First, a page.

April 13, 1977
You inquire as to whether payments made by an employee pursuant to R.I. General Laws, Section 28-10-1, the Rhode Island Temporary Disability Insurance Act (the "Act"), qualify for the credit against income tax permitted by M.G.L. c. 62, s. 6(a). You cite the recent decision in McGowan et al v. Commissioner of Internal Revenue, Docket No. 7070-76. 67 T.C.___, No. 43. Filed December 29, 1976, in which it was held that said amounts constituted "taxes" deductible under Section 164 of the Internal Revenue Code.
The Act requires the payment by an employee of 1½% of the first $4,800 of earned wages to the Rhode Island temporary disability fund which is administered by the Department of Employment Security. Insurance benefits are provided by the fund for those sick or injured. Maternity benefits are provided participants. Those who depend for healing upon prayer or spiritual means will be exempt upon filing of prescribed affidavits.
An income tax is generally defined as a contribution, measured by a taxpayer's ability to pay on the basis of the extent of his income, exacted from those domiciled or doing business within a state, to defray the expenses of government.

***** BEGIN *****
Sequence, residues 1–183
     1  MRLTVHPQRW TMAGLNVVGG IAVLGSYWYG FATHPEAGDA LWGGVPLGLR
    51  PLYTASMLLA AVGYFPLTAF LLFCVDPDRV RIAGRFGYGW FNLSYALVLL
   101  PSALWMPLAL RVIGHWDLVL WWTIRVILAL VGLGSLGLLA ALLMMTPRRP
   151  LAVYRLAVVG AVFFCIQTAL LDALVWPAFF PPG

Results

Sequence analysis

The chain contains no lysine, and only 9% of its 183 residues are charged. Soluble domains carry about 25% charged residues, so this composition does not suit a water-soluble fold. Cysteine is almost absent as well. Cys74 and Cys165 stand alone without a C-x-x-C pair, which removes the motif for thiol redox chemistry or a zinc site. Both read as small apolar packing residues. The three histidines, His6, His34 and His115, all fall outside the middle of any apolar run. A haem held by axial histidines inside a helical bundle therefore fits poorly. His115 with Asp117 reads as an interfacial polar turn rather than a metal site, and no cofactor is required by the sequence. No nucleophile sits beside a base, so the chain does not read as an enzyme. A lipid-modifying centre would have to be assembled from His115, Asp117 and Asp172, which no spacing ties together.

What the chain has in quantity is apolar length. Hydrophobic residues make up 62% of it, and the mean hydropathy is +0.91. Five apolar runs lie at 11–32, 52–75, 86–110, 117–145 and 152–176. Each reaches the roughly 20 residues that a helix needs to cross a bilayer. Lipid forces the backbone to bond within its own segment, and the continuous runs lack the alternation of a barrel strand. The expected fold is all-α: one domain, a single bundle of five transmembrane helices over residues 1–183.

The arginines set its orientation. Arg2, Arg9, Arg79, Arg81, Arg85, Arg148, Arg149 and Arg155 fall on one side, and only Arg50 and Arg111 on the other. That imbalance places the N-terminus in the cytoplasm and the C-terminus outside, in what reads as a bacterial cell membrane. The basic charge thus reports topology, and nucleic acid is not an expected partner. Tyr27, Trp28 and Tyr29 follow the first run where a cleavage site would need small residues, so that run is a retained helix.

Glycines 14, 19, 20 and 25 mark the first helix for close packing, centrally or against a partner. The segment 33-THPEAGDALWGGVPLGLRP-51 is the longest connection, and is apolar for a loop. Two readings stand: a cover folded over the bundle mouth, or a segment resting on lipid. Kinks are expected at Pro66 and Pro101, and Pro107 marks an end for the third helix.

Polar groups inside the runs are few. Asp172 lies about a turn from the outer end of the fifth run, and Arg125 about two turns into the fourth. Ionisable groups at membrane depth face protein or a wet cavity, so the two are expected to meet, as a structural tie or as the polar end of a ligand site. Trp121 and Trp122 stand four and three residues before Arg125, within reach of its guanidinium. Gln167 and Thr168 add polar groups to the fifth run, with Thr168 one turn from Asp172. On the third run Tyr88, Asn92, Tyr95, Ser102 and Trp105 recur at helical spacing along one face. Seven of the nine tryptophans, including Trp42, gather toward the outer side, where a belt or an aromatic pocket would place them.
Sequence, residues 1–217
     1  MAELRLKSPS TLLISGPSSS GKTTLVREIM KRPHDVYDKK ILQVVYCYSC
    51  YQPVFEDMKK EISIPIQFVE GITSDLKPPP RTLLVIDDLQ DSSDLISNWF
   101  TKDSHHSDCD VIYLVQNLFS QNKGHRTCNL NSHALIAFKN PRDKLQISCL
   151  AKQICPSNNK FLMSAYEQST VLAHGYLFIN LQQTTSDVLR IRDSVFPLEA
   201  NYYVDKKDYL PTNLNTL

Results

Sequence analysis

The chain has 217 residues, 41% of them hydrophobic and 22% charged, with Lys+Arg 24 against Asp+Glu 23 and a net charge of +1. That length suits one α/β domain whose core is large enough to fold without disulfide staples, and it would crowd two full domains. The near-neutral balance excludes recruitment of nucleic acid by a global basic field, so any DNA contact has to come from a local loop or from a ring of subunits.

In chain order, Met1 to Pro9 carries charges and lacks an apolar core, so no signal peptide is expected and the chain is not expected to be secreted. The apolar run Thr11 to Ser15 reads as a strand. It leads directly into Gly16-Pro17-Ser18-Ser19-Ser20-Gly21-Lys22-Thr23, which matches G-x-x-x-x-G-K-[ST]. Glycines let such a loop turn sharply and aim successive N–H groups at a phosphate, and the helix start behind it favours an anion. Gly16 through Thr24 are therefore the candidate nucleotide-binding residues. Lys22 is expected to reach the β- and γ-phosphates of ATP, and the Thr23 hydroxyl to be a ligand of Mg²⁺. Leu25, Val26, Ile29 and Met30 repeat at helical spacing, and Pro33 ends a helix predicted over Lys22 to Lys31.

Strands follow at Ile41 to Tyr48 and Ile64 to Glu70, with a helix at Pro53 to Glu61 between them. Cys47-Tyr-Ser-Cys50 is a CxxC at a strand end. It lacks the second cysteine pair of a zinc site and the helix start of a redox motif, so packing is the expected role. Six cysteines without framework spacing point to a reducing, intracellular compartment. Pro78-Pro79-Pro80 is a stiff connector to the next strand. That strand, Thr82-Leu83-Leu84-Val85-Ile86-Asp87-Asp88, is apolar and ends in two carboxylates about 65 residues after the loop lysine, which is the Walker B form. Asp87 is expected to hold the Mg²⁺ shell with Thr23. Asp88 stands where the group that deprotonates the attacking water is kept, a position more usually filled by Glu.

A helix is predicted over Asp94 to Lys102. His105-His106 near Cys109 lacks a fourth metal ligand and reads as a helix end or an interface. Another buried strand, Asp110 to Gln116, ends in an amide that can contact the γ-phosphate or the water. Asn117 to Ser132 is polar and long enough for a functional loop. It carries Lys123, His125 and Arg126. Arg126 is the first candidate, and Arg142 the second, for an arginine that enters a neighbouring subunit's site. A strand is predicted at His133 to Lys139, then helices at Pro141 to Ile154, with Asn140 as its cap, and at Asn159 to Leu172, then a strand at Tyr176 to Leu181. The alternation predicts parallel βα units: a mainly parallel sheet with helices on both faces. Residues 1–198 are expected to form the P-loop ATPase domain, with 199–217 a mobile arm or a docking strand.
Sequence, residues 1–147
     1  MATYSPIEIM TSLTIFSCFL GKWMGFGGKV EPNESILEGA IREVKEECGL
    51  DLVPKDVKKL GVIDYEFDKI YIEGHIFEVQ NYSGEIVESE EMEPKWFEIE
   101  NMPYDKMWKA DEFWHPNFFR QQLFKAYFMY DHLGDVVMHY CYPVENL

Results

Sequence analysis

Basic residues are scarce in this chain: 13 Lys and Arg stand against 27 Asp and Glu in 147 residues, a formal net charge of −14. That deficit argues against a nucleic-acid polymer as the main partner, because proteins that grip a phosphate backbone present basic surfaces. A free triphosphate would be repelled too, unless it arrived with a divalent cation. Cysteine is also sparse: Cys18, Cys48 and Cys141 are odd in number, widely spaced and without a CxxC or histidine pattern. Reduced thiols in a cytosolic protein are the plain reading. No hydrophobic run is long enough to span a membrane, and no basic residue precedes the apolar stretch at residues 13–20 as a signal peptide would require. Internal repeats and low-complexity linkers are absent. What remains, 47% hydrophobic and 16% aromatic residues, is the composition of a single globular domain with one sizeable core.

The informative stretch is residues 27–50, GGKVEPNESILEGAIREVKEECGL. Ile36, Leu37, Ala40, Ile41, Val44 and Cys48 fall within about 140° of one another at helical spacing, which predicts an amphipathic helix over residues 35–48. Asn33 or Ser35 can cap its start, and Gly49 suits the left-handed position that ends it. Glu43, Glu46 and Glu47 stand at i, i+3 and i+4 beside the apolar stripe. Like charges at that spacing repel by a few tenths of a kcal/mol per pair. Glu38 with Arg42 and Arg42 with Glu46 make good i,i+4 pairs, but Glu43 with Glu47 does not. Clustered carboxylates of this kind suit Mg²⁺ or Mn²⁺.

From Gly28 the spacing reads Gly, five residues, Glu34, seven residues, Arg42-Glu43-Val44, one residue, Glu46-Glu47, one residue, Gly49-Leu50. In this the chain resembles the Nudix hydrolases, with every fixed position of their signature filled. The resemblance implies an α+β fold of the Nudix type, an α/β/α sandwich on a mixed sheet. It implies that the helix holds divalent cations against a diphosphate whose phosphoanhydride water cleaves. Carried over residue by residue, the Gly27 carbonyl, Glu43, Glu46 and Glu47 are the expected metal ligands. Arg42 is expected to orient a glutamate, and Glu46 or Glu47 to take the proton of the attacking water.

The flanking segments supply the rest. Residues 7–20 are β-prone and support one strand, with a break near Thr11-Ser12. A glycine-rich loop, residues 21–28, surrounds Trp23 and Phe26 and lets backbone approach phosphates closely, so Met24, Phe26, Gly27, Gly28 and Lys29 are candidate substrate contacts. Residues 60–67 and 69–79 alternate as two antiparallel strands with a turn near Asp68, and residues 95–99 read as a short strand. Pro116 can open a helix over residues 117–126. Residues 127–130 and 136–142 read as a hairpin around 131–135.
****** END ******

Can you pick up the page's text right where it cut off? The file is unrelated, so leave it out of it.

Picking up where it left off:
Payments made pursuant to the Act may well meet the definition of a tax deductible under I.R.S. Code Section 164. The decision that it is a tax in McGowan et al v. Commissioner, supra, is based in large measure on the fact that it was an allowable deduction under long-standing administrative interpretation prior to Rev. Rul. 75-148.
The long-standing administrative practice in Massachusetts is that payments under the Act are not income taxes of the type referred to in M.G.L. c. 62, s. 6(a). They constitute payments for the purchase of insurance protection for the employed individual. They are not used to defray the cost of government in Rhode Island. The decision in McGowan et al v. Commissioner, supra, does not warrant any change in this position. Therefore no credit will be allowed against the tax imposed by M.G.L. c. 62 for amounts paid to Rhode Island pursuant to the Act.
Very truly yours,
/s/Owen L. Clarke
Owen L. Clarke
Commissioner of Corporations